Parrot Principle

Because of a lack of self-confidence, a fear of job loss, or an extreme need for acceptance, it is easier to agree with the boss than to advance a different point of view.

The result is usually what I call a “pocket veto” where people nod in a meeting, then go outside and talk about what they really believe.  It’s bad for everyone.  The company is not served well.  The CEO may not even realize what’s happening.  And the parrot is building distrust throughout the organization.

It’s not just the new CEO who faces this problem.  It’s almost any new position of power.  If others are dependent on you, you can be vulnerable to the Parrot Principle.

So what can you do about it?

Commitment: What will you do no matter what?

Photo by hectorir on flickr.

When you make a commitment, especially one to yourself, you begin to energize your mind in a way that opens new doors of possibility.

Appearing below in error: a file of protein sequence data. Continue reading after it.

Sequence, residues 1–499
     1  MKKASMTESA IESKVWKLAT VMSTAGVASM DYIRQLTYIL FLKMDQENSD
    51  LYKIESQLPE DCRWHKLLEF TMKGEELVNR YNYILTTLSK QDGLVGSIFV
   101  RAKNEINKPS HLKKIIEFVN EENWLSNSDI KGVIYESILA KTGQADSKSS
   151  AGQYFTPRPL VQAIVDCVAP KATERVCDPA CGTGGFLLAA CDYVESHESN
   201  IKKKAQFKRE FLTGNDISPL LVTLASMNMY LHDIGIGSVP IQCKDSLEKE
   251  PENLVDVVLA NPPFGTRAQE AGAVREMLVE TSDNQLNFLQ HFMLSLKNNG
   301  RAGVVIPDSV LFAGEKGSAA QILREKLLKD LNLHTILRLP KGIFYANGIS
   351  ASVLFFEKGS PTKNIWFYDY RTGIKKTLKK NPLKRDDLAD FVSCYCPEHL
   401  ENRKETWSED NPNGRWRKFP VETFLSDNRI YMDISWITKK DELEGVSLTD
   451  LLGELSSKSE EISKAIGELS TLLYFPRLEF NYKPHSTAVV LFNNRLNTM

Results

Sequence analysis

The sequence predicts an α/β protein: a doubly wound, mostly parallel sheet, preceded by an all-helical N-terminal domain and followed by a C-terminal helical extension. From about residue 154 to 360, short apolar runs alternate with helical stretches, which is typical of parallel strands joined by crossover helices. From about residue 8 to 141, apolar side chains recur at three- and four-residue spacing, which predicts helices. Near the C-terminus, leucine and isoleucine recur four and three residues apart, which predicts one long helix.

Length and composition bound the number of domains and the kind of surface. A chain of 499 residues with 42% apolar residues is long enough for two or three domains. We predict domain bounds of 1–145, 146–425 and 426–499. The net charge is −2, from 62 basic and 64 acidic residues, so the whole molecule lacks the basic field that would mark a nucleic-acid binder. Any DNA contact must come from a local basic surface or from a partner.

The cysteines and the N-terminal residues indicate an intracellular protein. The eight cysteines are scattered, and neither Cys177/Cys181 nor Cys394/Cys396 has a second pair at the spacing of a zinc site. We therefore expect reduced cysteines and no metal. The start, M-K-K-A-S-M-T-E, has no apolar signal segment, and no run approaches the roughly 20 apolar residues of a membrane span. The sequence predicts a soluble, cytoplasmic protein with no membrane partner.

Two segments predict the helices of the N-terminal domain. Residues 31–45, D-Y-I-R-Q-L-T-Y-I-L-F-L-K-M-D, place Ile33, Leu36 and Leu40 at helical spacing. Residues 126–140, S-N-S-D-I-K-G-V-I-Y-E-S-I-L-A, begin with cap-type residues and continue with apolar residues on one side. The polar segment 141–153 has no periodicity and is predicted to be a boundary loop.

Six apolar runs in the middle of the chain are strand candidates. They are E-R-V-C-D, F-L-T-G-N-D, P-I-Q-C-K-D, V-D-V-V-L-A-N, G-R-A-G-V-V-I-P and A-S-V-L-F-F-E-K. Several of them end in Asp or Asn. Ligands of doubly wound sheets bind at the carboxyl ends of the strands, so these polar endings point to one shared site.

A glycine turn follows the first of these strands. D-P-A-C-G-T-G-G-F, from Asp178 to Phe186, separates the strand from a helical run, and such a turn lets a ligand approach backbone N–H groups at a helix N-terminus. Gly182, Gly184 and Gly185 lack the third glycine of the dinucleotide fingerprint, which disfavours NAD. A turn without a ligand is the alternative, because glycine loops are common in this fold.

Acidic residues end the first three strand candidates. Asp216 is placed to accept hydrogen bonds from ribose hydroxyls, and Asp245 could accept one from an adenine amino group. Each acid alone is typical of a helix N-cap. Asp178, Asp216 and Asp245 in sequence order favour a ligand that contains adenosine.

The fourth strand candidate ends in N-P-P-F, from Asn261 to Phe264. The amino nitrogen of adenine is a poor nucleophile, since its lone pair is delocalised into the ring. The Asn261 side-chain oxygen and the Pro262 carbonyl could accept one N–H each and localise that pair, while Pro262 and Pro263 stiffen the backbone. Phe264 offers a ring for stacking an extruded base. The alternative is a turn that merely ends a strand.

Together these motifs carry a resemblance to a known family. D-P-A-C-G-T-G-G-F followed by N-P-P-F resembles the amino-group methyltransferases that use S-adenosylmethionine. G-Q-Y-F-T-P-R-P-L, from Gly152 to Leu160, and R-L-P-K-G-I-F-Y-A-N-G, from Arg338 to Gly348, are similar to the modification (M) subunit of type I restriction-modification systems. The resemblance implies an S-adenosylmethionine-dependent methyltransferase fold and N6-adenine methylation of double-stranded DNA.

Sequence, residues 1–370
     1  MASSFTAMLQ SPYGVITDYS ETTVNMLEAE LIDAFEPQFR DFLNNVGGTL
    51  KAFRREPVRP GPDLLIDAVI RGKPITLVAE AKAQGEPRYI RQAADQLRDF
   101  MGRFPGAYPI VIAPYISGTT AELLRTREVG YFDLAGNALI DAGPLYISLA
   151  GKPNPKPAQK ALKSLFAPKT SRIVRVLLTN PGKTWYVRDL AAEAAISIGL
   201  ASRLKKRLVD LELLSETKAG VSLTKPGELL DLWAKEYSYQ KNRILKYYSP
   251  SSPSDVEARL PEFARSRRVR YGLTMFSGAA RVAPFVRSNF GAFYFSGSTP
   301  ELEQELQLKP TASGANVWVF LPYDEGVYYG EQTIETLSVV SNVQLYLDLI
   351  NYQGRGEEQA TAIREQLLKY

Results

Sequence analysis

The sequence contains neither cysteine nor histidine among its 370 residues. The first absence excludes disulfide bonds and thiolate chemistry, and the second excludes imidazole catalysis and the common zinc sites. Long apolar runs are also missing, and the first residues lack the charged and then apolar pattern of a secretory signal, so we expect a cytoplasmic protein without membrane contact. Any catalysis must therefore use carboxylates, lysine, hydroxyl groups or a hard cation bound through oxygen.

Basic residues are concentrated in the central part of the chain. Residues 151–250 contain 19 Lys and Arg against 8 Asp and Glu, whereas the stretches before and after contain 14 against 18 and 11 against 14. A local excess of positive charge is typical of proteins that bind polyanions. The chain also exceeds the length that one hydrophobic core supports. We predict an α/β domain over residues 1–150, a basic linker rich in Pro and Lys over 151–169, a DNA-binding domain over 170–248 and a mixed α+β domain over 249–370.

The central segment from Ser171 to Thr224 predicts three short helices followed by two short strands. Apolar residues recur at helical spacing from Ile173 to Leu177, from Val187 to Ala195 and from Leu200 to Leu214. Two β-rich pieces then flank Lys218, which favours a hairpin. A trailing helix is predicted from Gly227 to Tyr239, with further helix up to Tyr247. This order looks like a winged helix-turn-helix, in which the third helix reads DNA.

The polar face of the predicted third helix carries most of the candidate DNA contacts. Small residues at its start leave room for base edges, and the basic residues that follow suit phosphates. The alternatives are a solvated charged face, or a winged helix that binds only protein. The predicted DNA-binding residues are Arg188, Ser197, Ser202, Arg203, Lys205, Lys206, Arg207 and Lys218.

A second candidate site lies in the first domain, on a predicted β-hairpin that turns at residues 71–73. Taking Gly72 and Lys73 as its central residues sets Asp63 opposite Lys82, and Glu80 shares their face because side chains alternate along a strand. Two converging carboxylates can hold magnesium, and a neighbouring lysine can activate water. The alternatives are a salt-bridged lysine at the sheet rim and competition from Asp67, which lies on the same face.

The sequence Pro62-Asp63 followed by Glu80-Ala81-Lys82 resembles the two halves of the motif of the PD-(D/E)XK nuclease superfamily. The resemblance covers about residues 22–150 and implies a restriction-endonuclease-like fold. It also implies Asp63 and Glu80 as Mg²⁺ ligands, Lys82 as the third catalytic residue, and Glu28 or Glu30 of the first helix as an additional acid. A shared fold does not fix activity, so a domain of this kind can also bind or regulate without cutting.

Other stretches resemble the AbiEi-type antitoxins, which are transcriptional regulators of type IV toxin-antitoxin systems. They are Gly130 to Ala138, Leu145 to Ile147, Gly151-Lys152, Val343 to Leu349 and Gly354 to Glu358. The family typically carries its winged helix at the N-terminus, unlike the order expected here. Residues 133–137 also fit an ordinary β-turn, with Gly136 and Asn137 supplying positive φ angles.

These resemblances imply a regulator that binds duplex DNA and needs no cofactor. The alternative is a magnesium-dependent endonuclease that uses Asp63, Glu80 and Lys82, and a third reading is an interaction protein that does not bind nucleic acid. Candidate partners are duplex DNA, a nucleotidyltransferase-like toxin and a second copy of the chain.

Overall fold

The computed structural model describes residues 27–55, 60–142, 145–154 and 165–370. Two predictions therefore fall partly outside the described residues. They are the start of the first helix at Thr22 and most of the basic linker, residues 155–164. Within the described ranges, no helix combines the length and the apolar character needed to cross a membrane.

A commitment starts the engine of the subconscious mind.  It takes a dream or an idea, and begins the process of turning it into reality.  Mixed with discipline, commitment shapes the future.

Steve Jobs is known for a lot of his attributes, but one of them was his commitment.  He was committed to excellence.  There’s one story about him opening up an Apple computer, looking inside and making the team start over.  You can hear the conversation:

Steve:  That’s ugly.

Engineer:  Who cares what the PC board looks like?  The only thing that’s important is how well that it works.  Nobody is going to see the PC board.

Steve:  I’m gonna see it!  I want it to be as beautiful as possible, even if it’s inside the box.  A great carpenter isn’t going to use lousy wood for the back of the cabinet, even though nobody’s going to see it.

That’s commitment.